INTRODUCTION: Multiple endocrine neoplasia type 1 (MEN1)-related neuroendocrine tumors (NETs) of the lung are mostly indolent, with a good prognosis. Nevertheless, cases of aggressive lung NET do occur, and therefore the management of individual patients is challenging. AIM: To assess tumor growth and the survival of patients with MEN1-related lung NETs at long-term follow-up. METHODS: The population-based Dutch MEN1 Study Group database (n = 446) was used to identify lung NETs by histopathological and radiological examinations. Tumor diameter was assessed. Linear mixed models and the Kaplan-Meier method were used for analyzing tumor growth and survival. Molecular analyses were performed on a lung NET showing particularly aggressive behavior. RESULTS: In 102 patients (22.9% of the total MEN1 cohort), 164 lesions suspected of lung NETs were identified and followed for a median of 6.6 years. Tumor diameter increased 6.0% per year. The overall 15-year survival rate was 78.0% (95% confidence interval: 64.6-94.2%) without lung NET-related death. No prognostic factors for tumor growth or survival could be identified. A somatic c.3127A > G (p.Met1043Val) PIK3CA driver mutation was found in a case of rapid growing lung NET after 6 years of indolent disease, presumably explaining the sudden change in course. CONCLUSION: MEN1-related lung NETs are slow growing and have a good prognosis. No accurate risk factors for tumor growth could be identified. Lung NET screening should therefore be based on well-informed, shared decision-making, balancing between the low absolute risk of an aggressive tumor in individuals and the potential harms of frequent thoracic imaging.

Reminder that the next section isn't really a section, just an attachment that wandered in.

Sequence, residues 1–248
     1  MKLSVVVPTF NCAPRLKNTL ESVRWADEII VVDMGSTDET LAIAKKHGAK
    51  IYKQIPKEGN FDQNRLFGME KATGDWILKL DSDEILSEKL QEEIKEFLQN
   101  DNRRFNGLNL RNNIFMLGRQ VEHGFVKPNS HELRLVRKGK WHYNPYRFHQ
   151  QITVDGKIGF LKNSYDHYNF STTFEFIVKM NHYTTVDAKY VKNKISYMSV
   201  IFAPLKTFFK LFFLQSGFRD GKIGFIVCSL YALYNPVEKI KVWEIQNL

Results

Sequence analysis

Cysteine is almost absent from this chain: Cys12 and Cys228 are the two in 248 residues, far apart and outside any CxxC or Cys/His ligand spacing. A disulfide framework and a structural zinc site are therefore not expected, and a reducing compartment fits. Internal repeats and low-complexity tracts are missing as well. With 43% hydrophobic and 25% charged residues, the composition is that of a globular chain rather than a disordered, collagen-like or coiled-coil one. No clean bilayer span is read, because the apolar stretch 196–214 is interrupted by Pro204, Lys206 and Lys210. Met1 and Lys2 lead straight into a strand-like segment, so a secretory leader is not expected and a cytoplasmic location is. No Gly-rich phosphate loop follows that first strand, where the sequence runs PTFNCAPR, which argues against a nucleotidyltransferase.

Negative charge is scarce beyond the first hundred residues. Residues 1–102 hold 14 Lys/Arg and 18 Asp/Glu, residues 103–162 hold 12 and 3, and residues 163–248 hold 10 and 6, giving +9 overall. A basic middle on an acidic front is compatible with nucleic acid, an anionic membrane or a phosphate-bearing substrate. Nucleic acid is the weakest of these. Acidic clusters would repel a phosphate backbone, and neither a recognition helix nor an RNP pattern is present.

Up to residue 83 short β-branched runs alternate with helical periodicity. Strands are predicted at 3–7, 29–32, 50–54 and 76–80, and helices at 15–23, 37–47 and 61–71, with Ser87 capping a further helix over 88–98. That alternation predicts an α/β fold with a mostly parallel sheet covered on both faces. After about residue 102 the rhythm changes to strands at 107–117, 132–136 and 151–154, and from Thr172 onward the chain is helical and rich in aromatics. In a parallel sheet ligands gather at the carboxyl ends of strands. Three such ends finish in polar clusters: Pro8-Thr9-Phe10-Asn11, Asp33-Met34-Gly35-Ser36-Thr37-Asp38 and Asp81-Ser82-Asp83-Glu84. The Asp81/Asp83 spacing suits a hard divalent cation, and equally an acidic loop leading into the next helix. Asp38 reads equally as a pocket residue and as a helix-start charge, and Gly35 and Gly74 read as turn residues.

lung NET, multiple endocrine neoplasia type 1, surveillance, survival, tumor growth,
Journal of Clinical Endocrinology and Metabolism
Department of Internal Medicine

Van Den Broek, M.F, De Laat, J.M, Van Leeuwaarde, R.S, van de Ven, A.C, de Herder, W.W, Dekkers, O.M, … Valk, G.D. (2021). The Management of Neuroendocrine Tumors of the Lung in MEN1: Results From the Dutch MEN1 Study Group. Journal of Clinical Endocrinology and Metabolism, 106(2), e1014–e1027. doi:10.1210/clinem/dgaa800